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First Time Trader? Here Are 3 Tax Tips You Should Know

If you’re a first-time trader or this is your first year in the market, it’s important to know what to expect when it comes to your taxes. Now is the time of year to start thinking about your tax returns and what you’ll need to file. If just thinking about it gives you a headache, you’re not alone.

The market has been volatile lately, and the last thing you probably want to think about is tax preparation. 


But, the more you know about what to expect and the more helpful tips you keep in mind, the easier tax season will be for you, now that you’re a trader. 


With that in mind, let’s take a look at three tax tips that will make this season easier for you.  The more you educate yourself on the process this year, the easier it will be in the future to manage things like an IRS CP2000 for Cryptocurrency when you receive one, instead of having no idea how to handle it. 


Let’s take a look at those tips. 


1. Understand What You Might Have to Pay

You will likely have to pay taxes on capital gains and dividends. There is a short-term capital gains tax, as well as a long-term option. Short-term refers to a stock you’ve held for less than a year. 


Taxes on nonqualified dividends will end up being the same as your tax bracket. Qualified dividends can be taxed anywhere from 0-20%, so you might end up paying less. 


The more you understand how capital gains and dividends work, the easier it will be to make investment choices as you move forward into next year. 


2. Knowing How to Pay Less

It’s no big secret that everyone wants to pay as little as possible on their taxes. If you think that isn’t possible when you’re a stock trader, you’re wrong. It’s just a matter of knowing a few tips and tricks, and how to use them to your advantage.


One of the best things you can do is to hold onto an asset for at least a year. When you do, you’ll qualify for the long-term capital gains tax, which is usually lower than the short-term option. As a result, you’ll end up paying less on that particular stock. 


It’s also a good idea to hold onto dividends as long as possible. Doing so will allow them to become qualified dividends, instead of nonqualified. As stated above, you might end up paying less on qualified, so it’s worth it to hold onto the shares as long as possible. If you’re tempted to sell before the year is up, consider the pros and cons, and how much more you might end up saving if you’re able to hold onto the stock a bit longer. 


Additionally, you can offset your gains with investment capital losses. If your losses on the year are more than your gains, you can deduct the difference up to $3,000 on your tax return. That’s significant, especially if you incurred a large loss over the year. 


3. Hold the Shares in a Tax-Friendly Account

One of the best things you can do to your dividends and capital gains is to put them in a Roth IRA or traditional IRA. These are tax-free and tax-deferred, respectively. You can also put them in a 401(k) and you’ll never pay taxes on investment growth or interest. The only “catch” is that the money has to stay in that account.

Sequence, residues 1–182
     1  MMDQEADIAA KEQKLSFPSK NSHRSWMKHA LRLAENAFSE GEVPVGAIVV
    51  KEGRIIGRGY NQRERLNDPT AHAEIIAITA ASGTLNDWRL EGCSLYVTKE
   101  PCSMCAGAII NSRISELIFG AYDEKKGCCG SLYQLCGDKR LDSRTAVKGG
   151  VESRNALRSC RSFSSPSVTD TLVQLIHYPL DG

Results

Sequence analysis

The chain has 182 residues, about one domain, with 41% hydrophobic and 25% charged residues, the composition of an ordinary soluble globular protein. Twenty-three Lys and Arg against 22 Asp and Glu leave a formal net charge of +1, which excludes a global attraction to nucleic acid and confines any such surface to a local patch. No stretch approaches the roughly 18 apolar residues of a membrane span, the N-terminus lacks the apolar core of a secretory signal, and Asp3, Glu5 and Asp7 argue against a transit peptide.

If you’re not familiar with these types of accounts or you’ve never opened one more, consider talking to an investment broker or your local bank to set one up. It’s easier than you might think, and a great way to give yourself financial security for the future. 


Bonus - Work With a Tax Professional

If you’re just starting out in trading or investing, don’t be afraid to work with a professional when it comes to your taxes. Even if it’s just for one year, you’ll learn a lot, and the job of a tax preparer is to make sure you’re getting every deduction possible. So, don’t be afraid to work with a reputable company or individual. 


Additionally, make sure you’re asking questions along the way. You can end up making the decision if you want to use a professional year after year. But, the more you know about what they’re doing and how you can keep as much of your money as possible will be a big help as you continue to make investments and buy new stocks. 

This is a contributed post.


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@Kim I was wondering if you could expand on which SO services are best for trading in an IRA or 401K.  It seems like the longer term strategies such as Anchor Trades and Steady PutWrite rely on using leverage which isn't allowed in retirement accounts.  The performance shown on the website are for the leveraged version or rely on you having the ability to put reserve cash into a bond fund to enhance the returns.  Is this correct and if so how much lower are returns in Anchor or PutWrite when used in an IRA or 401k account?  Are these able to even be traded in an IRA?

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@Kim How about Canadian registered accounts like RRSP, TFSA? I am with IB Canada and seems to me that I can't place spread orders (as long as there are short legs) in any of these accounts?

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On 2/25/2021 at 7:39 AM, Kim said:

It is my understanding that both Anchor and PutWrite can be traded in IRA with no issues. @cwelshand @Jesseplease confirm.

Anchor works well in IRA's, but the PutWrite strategy does not because most brokerage firms will require all short puts to be fully cash secured and the collateral to be held in broker cash. 

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